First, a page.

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Cramer: Slow Response to Debt Crisis Helped US Companies

Monday, 8 Oct 2012 | 6:05 PM ET

Although Asia and Europe continue to attract attention, Jim Cramer noted Monday that American investors are focusing more on how the U.S. economy is affecting the stock market.

E.U. Flags
Photo: Ken Sciciuna | Getty Images
E.U. Flags

“The United States has begun to reassert itself as the dominant market, filled with many stocks that simply aren’t impacted by world events and others that have enough domestic business to offset any global worries out there,” Cramer said.

The “Mad Money” host noted that at this time last year, many U.S. companies had great exposure to Europe as the region’s debt crisis came to the fore. Meanwhile, China's economy was seen as the “engine of global growth,” so its sudden slowdown shocked the world.

Trouble Ahead, or Trouble Behind?
The days of China and Europe bringing down the U.S. market could be over, explains Mad Money host Jim Cramer.

(Read More: Why China's 'Hard Landing' Fears Are Overblown.)

One year later, however, Cramer said U.S. companies have adjusted, reconfigured and often times minimized any exposure to Europe. Meanwhile, he said it seems China’s slowing economy really only affects a handful of companies, such as construction machinery maker Caterpillar, sporting apparel maker Nike and engine maker Cummins, among a few others.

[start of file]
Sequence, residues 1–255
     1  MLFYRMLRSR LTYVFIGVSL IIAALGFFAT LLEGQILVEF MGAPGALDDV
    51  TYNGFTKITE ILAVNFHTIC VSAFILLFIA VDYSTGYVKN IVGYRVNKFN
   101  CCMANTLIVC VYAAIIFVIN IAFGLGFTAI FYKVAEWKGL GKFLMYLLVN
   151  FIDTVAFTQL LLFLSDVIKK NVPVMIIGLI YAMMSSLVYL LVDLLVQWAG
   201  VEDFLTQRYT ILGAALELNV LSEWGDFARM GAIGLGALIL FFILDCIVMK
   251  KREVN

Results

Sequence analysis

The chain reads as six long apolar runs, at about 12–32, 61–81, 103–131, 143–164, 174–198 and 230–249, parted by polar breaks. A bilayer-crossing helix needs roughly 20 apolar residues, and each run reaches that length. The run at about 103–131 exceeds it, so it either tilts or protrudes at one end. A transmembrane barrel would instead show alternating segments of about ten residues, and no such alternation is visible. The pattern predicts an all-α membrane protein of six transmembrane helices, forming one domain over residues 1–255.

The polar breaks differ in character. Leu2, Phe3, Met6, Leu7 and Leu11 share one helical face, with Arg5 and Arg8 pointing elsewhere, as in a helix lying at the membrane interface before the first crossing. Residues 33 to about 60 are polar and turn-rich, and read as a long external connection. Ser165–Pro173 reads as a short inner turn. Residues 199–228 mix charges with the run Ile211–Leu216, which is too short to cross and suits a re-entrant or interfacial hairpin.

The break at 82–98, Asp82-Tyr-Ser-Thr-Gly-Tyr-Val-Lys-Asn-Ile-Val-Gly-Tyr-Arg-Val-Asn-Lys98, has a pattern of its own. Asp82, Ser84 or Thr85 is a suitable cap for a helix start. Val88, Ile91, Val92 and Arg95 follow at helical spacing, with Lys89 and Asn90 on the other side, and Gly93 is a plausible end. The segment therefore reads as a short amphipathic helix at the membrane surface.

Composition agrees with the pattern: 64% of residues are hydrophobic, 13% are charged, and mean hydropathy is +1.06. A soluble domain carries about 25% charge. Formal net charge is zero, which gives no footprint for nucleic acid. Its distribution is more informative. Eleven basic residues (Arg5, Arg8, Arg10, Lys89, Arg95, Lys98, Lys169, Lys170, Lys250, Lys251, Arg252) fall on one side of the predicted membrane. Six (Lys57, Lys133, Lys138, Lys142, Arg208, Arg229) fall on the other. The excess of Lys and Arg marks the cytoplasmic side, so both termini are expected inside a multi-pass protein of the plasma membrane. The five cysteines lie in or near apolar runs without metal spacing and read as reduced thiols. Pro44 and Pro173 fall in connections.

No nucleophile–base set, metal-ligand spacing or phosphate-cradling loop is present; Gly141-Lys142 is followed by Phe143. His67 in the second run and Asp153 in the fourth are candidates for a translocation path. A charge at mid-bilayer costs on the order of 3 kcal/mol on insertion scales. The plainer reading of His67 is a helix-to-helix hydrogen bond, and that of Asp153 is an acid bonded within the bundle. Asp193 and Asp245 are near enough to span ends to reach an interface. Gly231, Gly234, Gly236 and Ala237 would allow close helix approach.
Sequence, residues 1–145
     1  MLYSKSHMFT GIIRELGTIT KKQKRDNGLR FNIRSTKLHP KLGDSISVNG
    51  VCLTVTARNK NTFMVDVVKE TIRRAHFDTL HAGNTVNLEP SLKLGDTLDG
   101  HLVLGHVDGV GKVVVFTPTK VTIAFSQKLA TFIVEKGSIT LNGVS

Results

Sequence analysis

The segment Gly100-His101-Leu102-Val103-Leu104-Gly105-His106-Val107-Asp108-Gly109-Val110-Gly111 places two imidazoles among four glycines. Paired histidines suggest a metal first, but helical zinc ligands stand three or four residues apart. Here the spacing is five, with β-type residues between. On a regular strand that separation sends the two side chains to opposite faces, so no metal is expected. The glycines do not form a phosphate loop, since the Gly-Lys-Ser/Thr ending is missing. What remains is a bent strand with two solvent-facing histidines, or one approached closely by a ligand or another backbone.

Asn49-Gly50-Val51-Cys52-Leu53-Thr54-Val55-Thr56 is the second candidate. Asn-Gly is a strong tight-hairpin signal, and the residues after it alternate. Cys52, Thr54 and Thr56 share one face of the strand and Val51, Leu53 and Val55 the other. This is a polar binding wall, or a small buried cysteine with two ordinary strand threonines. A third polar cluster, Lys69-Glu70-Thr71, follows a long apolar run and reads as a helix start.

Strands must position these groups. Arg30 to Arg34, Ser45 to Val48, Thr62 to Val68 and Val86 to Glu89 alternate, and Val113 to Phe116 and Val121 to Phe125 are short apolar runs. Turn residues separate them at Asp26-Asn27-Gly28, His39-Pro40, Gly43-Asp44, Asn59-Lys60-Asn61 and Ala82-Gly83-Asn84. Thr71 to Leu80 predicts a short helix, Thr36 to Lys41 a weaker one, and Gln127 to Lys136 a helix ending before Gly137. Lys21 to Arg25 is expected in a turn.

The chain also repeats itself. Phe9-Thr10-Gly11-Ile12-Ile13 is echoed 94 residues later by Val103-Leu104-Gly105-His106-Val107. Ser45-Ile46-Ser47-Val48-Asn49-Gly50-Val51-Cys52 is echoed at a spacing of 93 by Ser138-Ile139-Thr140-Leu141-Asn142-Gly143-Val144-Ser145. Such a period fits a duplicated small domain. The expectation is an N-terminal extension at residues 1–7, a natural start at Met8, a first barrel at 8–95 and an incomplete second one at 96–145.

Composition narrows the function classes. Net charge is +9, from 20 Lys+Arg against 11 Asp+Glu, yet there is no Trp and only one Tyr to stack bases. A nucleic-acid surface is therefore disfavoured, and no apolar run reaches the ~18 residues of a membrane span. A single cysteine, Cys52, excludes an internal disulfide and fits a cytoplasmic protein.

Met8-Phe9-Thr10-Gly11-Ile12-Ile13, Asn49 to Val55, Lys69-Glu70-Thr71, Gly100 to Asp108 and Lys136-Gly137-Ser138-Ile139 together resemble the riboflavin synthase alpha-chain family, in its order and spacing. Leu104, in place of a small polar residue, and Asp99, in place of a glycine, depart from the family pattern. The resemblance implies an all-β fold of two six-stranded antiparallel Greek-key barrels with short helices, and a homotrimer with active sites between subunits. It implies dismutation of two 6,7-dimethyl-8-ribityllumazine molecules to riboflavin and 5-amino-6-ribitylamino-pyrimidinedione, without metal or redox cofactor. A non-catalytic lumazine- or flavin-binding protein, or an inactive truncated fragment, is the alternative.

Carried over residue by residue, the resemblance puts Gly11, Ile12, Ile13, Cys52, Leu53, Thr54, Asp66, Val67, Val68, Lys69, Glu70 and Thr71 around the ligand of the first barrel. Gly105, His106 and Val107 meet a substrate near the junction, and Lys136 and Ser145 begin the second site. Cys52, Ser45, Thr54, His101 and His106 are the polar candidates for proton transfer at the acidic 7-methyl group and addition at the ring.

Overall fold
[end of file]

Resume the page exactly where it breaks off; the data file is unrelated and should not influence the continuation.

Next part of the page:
“We just don’t make enough things to be impacted by China,” Cramer said. “We can talk a big game and worry about China and sell-off on some Chinese news, but we bounce back and bounce back quickly because it means so little to the vast majority of our companies.”

(Related: US the Brightest Spot in World Economy.)

So what’s the bottom line?

To Cramer, the decision by European policymakers to “kick the can down the road” in terms of solving the region’s debt woes only provided American companies more time to better position themselves. Meanwhile, he reiterated that China’s sluggish economy has been found to actually have little impact on most U.S. stocks.

When this story was published, Cramer's charitable trust owned Nike.

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